Rioja, Oregon

abacela-vineyards
No, this is not Rioja. Yes, this is Southern Oregon.

The mother (and mother-in-law) of this blog-writing duo was born and raised in Spain and did not come to the United States until she was thirty years old.  She brought with her a fierce pride of her homeland; nowhere was this fierceness more evident than in her preferred beverage: red wine from Rioja.  She refused to drink white wine at all (“Why would I drink a white wine when I could be drinking Rioja?”).  In her later years, she also refused to drink any wine that was not from Rioja.  For many years, finding Rioja in the U.S. was no easy task as the volume of imported Spanish wine was relatively low.  “You know, there are some good California wines,” we would tell her.  She would screw up her face with outrage and say, “Oh please!”  We cannot even imagine what she would have said if we suggested she try Oregon wine; or, worse yet, an Oregon Tempranillo, which is the dominant grape varietal in red Rioja wines.

Over the past 10-15 years, the importation of Spanish wine has increased significantly, both from Rioja as well as other wine regions such as Ribera del Duero, Penedés and Rías Baixas.  Today, store shelves have many Spanish options, led by a number of labels from Rioja.  Similarly, wines from Spain appear on restaurant menus across the country.  Americans have become more familiar with and are embracing the unique aroma and flavor profile of Tempranillo.

Around the same time Mama was bemoaning the virtual absence of Rioja wines at her local liquor store and supermarket, Earl and Hilda Jones had a similar question:  why aren’t Rioja and Tempranillo part of the American premium wine scene?  Living on the East Coast at the time, the Joneses wondered why Tempranillo and other Spanish varietals were not being planted domestically.  Earl and Hilda dedicated several years to understanding the ideal growing conditions for Tempranillo and other Spanish grapes.  Ultimately, they identified the Umpqua Valley in Oregon as a suitable location; after more exploration they found the site where they would plant their vines and build their winery.  The climate in the Umpqua Valley is very similar to Spain, which may come as a surprise to those that have visited Oregon.  However, the Umpqua Valley is in the southern part of Oregon, about 3 1/2 hours driving distance from Portland, and has a decidedly different climate than the northern part of the state.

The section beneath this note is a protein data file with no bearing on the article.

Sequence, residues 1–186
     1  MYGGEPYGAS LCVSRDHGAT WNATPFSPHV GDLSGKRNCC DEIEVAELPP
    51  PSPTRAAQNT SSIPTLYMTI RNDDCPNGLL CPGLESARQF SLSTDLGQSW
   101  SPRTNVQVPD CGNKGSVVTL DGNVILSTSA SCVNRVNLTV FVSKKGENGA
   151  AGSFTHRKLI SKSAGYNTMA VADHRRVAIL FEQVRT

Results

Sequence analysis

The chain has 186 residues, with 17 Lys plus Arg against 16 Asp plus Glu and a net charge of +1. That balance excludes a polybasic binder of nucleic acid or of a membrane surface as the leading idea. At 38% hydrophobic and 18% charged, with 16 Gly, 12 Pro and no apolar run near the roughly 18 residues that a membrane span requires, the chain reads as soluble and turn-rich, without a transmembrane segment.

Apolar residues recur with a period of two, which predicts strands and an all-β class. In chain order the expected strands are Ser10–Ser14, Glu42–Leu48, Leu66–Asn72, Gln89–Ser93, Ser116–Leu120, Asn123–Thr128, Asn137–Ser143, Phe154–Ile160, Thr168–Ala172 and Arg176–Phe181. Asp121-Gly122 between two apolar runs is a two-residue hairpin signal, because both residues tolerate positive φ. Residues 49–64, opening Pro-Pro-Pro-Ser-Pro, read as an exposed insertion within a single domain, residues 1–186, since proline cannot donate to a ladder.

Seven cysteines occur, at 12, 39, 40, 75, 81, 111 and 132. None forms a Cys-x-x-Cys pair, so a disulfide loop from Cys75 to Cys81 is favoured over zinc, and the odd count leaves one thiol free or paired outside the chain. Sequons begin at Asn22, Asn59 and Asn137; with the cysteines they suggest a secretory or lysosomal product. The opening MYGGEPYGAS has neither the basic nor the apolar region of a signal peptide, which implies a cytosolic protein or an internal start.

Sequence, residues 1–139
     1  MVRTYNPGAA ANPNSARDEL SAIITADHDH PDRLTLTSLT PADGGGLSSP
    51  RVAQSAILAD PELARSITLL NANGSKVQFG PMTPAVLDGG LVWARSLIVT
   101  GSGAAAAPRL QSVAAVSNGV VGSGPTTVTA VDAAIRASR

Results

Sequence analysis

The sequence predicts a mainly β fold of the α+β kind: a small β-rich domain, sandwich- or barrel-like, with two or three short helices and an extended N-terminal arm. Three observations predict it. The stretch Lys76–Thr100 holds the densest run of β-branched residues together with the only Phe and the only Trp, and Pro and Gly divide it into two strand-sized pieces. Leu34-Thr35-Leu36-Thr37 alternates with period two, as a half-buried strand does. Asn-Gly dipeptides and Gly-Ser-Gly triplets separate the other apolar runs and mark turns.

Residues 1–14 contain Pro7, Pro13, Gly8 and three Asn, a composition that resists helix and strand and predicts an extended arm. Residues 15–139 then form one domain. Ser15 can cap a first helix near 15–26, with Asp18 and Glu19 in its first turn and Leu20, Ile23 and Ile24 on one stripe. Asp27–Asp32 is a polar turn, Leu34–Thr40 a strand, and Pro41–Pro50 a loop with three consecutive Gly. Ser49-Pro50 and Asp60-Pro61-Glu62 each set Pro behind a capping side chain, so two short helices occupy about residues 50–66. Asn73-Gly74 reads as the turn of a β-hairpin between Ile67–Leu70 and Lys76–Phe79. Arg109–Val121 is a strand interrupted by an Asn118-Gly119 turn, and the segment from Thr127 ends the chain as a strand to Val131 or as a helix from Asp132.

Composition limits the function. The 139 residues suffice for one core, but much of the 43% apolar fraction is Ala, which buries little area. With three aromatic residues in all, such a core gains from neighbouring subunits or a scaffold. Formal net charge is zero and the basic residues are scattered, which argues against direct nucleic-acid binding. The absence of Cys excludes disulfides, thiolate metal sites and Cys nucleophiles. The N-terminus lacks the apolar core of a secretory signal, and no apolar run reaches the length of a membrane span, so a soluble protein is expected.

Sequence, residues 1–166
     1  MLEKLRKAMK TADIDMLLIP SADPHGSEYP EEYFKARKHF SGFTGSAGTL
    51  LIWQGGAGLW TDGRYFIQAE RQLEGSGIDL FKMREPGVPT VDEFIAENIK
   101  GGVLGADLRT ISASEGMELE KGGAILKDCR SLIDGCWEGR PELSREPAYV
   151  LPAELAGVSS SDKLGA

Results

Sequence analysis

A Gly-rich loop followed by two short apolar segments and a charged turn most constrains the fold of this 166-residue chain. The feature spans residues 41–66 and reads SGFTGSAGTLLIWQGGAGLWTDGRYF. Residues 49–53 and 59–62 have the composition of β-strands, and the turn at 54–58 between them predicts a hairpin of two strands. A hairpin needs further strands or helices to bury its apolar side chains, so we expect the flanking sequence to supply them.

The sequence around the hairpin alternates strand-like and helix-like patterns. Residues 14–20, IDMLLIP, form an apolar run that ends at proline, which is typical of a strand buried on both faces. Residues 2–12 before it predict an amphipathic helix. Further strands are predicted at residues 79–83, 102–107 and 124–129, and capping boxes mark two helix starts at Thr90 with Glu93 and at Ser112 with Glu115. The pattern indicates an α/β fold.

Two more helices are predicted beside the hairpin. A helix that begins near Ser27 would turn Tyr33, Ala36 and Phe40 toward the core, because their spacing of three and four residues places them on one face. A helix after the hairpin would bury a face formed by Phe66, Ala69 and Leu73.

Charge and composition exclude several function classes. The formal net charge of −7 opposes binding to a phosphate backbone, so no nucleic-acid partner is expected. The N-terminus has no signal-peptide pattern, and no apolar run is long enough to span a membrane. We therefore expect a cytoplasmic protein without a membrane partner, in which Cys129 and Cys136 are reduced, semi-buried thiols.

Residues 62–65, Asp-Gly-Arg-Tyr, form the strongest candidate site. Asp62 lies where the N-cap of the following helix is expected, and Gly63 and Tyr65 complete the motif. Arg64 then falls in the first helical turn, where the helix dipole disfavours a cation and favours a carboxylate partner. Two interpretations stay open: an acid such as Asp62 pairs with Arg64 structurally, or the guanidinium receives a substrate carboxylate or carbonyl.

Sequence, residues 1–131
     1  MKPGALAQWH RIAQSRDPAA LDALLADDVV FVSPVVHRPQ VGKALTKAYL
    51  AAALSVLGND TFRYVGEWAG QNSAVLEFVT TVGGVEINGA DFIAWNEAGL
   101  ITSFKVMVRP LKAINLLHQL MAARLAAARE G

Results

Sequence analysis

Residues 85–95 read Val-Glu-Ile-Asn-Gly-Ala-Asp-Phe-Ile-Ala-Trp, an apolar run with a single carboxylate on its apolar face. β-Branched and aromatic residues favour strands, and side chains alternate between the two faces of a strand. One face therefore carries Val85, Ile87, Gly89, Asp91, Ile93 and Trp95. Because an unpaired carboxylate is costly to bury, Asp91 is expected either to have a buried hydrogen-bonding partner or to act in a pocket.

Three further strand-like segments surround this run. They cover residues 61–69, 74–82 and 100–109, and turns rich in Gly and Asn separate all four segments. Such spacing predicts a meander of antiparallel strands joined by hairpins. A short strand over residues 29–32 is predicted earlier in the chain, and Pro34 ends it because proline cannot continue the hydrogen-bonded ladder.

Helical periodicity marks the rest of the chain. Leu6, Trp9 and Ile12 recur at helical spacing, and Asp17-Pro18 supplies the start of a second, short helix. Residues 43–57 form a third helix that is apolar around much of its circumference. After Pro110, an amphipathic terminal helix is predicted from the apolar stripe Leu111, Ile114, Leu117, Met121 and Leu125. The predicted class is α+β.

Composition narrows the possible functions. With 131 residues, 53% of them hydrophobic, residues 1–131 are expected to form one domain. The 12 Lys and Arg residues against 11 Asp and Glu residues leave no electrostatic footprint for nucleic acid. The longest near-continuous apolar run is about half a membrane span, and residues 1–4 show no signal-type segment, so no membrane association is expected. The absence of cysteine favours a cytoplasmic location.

The Joneses planted their first vines in the Umpqua Valley in 1995 and made their first wine in 1996.  They named their winery Abacela, a derivation of an old Spanish and Portuguese word meaning “to plant a grapevine.”  Since then, Abacela has grown in reputation for its Spanish varietals, earning international acclaim both for its Tempranillo and its Albariño.

At the end of September we were driving from Willamette Valley back to our home in California, roughly a 7 1/2 hour drive.  We asked our B&B hosts if they had any recommendations for winery stops on the way home, and they enthusiastically recommended that we stop for a bit of wine and food at Abacela.  When we input the winery address into our GPS, it indicated that we would be driving by at exactly lunch time, which felt like fate!

We arrived at Abacela hungry and thirsty (for wine). They offered a number of food pairing and wine tasting options.  Because we wanted to have a “Rioja-type” experience, we opted not to try any of their international varietals (Merlot, Malbec, Syrah) and instead stick with the traditional red varietals from Spain. In our flight we had Graciano, Garnacha, and a couple different Tempranillos.  We paired the wine with a traditional platter of Spanish meats and cheeses.

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Queso and Jamon platter at Abacela

At the risk of Mama putting a spell on us from above, we have to say the wine was very tasty.  In Rioja, red wines are generally aged in American oak barrels, which tends to impart a sweeter flavor (vanilla) and a creamier texture.  At Abacela, the winemaker uses both French and American oak, including some new oak, which historically was not done in Rioja (older wineries often used the same barrels for decades).  We mention this not as a criticism, simply an observation for those that care about things like this.  The end result at Abacela, for all the wines we tasted, was a nice, balanced wine – nice fruit aromas and flavor with minerality and earthiness.  We took home several bottles of Abacela and look forward to doing a side-by-side tasting of their Tempranillo and some Spanish Rioja that we have at home.  In a future post we’ll share those results.

John & Irene Ingersoll

October 14, 2016

 

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